Environmental Groups rally local, national & global support for Wilderness
Warning of Groom's Wilderness Construction Boom
Tasmania’s leading environment organisations are campaigning for local, national and global support for Tasmania’s Wilderness World Heritage Area as the State Government pushes ahead with their plans to weaken protection of the globally significant area.
With Tasmanian public meetings, outreach to International allies, partner groups hosting a meeting in Melbourne and online action, the community is being rallied to urge the State Government to maintain rigorous protections.
Two public meetings on the issue of threats to the Tasmania’s Wilderness World Heritage Area will be held in Tasmania in the next fortnight. Tomorrow night in Launceston will be the first meeting, and next Tuesday 3 March in Hobart at lunch time, a second meeting will be hosted. In Melbourne on the 12 March, Friends of the Earth will host a public meeting.
In Launceston, speakers are Environmentalist Bob Brown, The Wilderness Society’s Vica Bayley, Tasmanian Greens Leader and Bass MHA Kim Booth, and Tasmanian Aboriginal Centre’s Adam Thompson. From 6 pm, the meeting will be held at the Pilgrim Uniting Church.
In Hobart, on Tuesday 3 March, speakers are World Heritage Expert Jamie Kirkpatrick, Environmentalist Bob Brown, Champion Orienteer & Runner Hanny Allston, and Tasmanian Aboriginal Centre’s Ruth Langford.
Bob Brown Foundation’s Jenny Weber states, “In moves that are incompatible with the preservation of a unique wild place, Tasmania’s government is laying bare the Tasmanian Wilderness World Heritage Area to logging, mining and invasive tourism projects. More than 2000 people have made submissions at our online action to the State Government calling for them to abandon their plans to degrade the World Heritage Area. Now these public meetings provide the public another way to stand up and defend the unique Tasmanian Wilderness.”
Tasmanian Conservation Trusts Peter McGlone states, “The draft plan for managing the Tasmanian Wilderness World Heritage Area is weak and needs to be drastically altered to ensure protection for the World Heritage Area. In current draft form the plan has been changed to fit the interests of the proponents for development inside the property. The Government has released details of just eight projects interested in developments in the World Heritage Area but these include private 20 huts and lodges and the draft plan places no limit on how many may be allowed.”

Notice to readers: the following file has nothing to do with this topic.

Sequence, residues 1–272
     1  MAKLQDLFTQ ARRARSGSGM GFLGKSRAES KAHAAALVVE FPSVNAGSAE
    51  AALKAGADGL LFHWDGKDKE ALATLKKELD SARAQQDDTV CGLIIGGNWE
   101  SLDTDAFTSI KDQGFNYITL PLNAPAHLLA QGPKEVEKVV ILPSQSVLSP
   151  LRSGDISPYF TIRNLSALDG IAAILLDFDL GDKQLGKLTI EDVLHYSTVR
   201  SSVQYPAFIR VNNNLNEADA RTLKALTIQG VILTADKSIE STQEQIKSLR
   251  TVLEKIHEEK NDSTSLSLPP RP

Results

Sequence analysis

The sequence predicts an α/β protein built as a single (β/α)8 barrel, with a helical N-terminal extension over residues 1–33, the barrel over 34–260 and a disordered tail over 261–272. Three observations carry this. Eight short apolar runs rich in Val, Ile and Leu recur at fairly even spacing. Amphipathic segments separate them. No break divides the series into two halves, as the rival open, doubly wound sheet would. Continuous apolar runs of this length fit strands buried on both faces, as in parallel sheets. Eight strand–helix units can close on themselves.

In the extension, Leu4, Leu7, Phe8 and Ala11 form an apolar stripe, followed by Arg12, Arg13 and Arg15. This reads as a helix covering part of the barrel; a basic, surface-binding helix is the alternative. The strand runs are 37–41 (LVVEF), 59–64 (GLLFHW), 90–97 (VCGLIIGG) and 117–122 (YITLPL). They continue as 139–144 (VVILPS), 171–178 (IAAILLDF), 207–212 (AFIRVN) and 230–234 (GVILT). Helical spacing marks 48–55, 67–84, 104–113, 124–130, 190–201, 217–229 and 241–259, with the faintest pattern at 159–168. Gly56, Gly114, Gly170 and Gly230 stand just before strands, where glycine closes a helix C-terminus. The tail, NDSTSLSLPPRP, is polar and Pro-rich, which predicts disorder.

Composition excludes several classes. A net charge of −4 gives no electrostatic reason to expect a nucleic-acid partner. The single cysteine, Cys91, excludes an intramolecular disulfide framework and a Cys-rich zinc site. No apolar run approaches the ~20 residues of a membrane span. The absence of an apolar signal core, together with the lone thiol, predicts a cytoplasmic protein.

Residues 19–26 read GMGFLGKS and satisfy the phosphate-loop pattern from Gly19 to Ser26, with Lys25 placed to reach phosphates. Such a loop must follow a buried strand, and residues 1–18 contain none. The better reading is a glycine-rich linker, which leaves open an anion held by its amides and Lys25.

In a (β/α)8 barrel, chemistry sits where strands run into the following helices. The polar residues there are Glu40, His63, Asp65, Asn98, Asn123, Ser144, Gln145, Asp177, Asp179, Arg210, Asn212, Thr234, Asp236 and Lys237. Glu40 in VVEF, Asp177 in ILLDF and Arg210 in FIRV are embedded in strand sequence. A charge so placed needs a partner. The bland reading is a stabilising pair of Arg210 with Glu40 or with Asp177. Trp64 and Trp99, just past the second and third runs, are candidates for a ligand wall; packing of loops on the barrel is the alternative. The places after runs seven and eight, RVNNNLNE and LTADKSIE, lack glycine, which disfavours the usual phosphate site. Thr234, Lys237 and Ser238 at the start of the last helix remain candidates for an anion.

“Our National Parks are a legacy handed down to us by Tasmanians who had the foresight to preserve what they held to be precious. They are not the Government’s to give away or auction off to the highest bidder,” says Robert Campbell from the Tasmanian National Parks Association. “It is very concerning that at the time that the Tasmanian Wilderness World Heritage Area management plan is under review the Tasmanian Government is assessing Expressions of Interest for development of tourism experiences and associated infrastructure in the TWWHA and other National Parks and Reserves. This is pre-empting and contemptuous of the ongoing public comment and review period.”
BirdLife Tasmania will alert their international allies to the State Government’s threat to internationally critical habitats from the proposed developments and weakening of protections in the draft management plan. The proposed developments in the TWWHA pose serious risks to recently assessed international bird values according to BirdLife Tasmania Convenor, Dr Eric Woehler. A recent national inventory of Important Bird Areas (IBAs) undertaken by BirdLife Australia, identified three IBAs that overlapped the TWWHA. "IBAs are recognised internationally as critically in need of the highest levels of protection" Dr Woehler said, and the proposed weakening of protection for these internationally significant areas poses serious risks to the birds present Dr Woehler added.
IBAs are based on international criteria, so that the assessments around the world are compatible. BirdLife Australia will be raising our concerns with the international bird conservation community to alert partners around the globe of the serious risks to these critical areas.
CONTACT FOR MORE INFORMATION
JENNY WEBER 0427 366 929